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Mother's Day Series: Being Mum

Posted in 2017, Voices Thursday, 04 May 2017

Mother's Day Series: Being Mum

To celebrate Mother's Day that is coming up on May 14, we will be highlighting throughout this week the voices of mothers of incarcerated youth, whose unconditional love and support is often the only ray of light for children behind bars. Next week, we will feature messages that youth in prison wanted to send their moms/caregivers for Mother's Day. 

By Corrinne Broadbridge

The spelling is correct, I'm British and it's pronounced Mum and not Mom. I am Mum. 

My son Chris was just 14 at the time. The crime was murder but not at my son's hand but at the hands of the homeowner who shot one of my son's friend dead. 

We had only been in Florida for a few years and were clueless to life in the US. It was 1995 and it was the height of the criminal justice system targeting of the so called super predator children. 

When I got the call from the police it was three am. I could not understand. How could they have interrogated a 14 year-old boy for hours and hours and not inform me or give him a lawyer. My heart turned to ice and I was in shock. We lived at the place I worked and in the morning the car park was full of the press which thankfully my husband was able to remove. 

We had to go to court for his arraignment and again the press. I did not understand how they were able to take photos, my son was 14 and the cas has yet not transferred to adult court. The following day, my son's face appeared in the local paper with his full name and age!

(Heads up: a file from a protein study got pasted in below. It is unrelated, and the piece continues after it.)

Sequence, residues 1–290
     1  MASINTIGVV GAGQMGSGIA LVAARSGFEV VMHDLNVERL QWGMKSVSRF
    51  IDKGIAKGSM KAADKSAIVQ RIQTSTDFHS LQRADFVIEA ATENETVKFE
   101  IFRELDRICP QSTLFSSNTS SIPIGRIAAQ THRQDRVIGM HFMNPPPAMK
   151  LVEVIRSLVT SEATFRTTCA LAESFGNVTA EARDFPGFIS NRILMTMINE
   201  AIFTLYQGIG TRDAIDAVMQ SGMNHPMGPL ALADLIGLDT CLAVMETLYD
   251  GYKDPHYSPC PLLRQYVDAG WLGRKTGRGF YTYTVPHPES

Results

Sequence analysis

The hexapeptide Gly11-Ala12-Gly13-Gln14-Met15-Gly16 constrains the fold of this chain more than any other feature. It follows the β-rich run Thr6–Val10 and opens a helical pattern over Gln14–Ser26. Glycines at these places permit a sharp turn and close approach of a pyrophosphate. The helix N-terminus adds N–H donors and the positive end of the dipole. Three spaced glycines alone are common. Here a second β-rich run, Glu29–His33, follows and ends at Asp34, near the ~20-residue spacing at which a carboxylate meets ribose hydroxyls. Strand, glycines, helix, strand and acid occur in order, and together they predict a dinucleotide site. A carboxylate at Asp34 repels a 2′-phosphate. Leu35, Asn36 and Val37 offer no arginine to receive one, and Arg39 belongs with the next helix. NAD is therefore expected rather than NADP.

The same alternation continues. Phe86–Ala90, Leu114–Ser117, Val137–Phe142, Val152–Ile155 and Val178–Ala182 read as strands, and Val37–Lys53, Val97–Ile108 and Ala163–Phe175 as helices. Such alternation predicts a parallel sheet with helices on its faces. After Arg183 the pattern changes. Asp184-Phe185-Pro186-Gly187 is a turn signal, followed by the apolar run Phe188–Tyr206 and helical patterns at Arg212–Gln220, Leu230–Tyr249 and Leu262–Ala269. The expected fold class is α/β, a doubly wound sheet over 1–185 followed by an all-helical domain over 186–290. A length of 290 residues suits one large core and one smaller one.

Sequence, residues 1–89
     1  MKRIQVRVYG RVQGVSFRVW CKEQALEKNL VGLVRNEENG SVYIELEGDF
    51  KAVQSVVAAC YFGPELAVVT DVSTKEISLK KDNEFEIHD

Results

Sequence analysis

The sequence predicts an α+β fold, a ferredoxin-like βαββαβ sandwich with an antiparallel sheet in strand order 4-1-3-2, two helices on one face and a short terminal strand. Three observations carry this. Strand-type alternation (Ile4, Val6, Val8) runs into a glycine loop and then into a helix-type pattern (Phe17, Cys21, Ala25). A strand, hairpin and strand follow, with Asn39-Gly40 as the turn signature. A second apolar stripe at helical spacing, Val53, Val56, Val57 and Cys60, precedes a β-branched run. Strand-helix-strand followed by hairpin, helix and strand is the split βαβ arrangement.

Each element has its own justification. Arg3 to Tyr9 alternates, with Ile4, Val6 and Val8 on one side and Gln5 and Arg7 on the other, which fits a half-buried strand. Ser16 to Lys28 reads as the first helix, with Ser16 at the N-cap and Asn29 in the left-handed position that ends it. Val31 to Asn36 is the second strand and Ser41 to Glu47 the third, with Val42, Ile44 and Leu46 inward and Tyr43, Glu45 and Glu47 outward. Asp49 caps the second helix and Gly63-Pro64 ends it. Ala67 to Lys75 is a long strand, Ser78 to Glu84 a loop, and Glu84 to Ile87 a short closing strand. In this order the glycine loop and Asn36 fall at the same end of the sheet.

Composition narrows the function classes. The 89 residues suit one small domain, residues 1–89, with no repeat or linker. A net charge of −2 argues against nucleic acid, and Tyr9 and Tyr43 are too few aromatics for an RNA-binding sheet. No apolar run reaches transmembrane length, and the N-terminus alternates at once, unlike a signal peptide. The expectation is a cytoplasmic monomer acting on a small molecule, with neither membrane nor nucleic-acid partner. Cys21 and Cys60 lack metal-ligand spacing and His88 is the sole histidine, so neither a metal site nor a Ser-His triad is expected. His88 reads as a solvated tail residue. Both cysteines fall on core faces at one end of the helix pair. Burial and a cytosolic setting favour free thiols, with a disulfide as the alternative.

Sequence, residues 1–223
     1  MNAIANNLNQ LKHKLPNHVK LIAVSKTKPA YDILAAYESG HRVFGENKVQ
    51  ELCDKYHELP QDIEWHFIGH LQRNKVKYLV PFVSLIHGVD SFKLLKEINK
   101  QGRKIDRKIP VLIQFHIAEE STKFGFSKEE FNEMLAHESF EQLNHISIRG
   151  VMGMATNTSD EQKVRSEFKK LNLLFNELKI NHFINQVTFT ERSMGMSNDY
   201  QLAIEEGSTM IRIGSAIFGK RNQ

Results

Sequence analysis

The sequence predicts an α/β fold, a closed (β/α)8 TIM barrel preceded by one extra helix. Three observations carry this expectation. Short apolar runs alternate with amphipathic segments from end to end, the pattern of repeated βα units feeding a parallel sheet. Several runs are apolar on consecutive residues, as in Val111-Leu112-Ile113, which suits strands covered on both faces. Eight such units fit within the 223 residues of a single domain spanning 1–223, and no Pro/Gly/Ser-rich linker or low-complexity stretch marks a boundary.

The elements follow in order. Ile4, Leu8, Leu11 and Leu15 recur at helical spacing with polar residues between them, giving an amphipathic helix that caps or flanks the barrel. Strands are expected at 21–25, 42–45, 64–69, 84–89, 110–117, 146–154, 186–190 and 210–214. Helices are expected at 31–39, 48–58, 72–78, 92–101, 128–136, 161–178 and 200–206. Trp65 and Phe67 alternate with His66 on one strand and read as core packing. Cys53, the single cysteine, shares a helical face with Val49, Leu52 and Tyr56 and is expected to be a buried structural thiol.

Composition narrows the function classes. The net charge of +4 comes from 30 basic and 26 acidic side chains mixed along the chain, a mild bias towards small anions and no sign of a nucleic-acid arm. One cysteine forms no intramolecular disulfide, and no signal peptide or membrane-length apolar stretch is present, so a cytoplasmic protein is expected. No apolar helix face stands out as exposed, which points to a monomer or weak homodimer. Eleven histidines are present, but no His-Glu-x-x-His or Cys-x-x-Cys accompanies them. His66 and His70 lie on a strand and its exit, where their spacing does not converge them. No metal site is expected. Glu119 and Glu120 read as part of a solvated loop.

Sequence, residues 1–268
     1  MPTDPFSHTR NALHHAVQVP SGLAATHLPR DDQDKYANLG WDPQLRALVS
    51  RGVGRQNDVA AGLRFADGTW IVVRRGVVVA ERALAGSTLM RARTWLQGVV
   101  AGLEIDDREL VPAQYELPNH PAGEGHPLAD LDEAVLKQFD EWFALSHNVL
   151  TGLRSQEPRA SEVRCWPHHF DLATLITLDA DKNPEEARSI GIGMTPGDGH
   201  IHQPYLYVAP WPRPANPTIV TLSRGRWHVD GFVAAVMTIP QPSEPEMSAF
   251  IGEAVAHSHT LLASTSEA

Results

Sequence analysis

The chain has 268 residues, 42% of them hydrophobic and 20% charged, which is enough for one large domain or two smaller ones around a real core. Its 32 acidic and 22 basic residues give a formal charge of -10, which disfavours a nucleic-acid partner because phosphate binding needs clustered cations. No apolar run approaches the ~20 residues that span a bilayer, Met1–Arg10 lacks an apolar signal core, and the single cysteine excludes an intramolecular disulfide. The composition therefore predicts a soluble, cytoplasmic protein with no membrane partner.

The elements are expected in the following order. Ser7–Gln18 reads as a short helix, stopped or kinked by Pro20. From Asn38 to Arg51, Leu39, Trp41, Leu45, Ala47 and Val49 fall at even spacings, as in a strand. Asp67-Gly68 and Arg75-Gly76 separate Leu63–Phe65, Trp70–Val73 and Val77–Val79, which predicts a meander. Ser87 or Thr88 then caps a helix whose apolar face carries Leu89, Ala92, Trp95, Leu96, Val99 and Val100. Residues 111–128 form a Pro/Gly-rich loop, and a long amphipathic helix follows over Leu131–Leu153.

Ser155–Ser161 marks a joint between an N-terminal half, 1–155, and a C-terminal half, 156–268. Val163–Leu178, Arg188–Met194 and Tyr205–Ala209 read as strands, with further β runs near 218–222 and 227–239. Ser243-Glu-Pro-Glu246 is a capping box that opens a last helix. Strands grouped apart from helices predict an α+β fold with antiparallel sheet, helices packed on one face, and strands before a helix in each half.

There is nothing in this world that can prepare you for how devastating this feels as a Mum. I felt dead inside, the world was upside down. It felt like Chris had died, and in a way his childhood had died. I still had the basketball net he got for Christmas in its box for heaven's sake. 

When I spoke to Chris at juvenile hall once the police had interrogated hi, for hours and hours, and they pressurized a self-incriminating statement, I asked him if he knew his charges. He tearfully said, "burglary." I had to tell him it was murder. We spoke on the phone just before the transfer and he was so afraid and in tears. How as a Mum do you get through this? I am Chris's Mum and his advocate and defender, but during visitations I saw and heard about so many children who had no mother, father, advocate or even visitor. The judicial system can say they are adults but they are children.  How can they make complex life-changing legal decisions? It is a farce. 

Chris was sentenced to 8 years of which he served 6 years. He came out at 21 with PTSD, institutionalized and 0 life skills. He did have a GED. An officer gave him some advice just before release, he said "get married and have a family."

Chris has been deported, which is the best thing that has happened because in the UL, he has had so much help and support to carve out a life. He is now 37 and still getting treatment for his PTSD. He is speaking to rehab graduates in May and will begin training to be a drug counselor himself. I could not be more proud!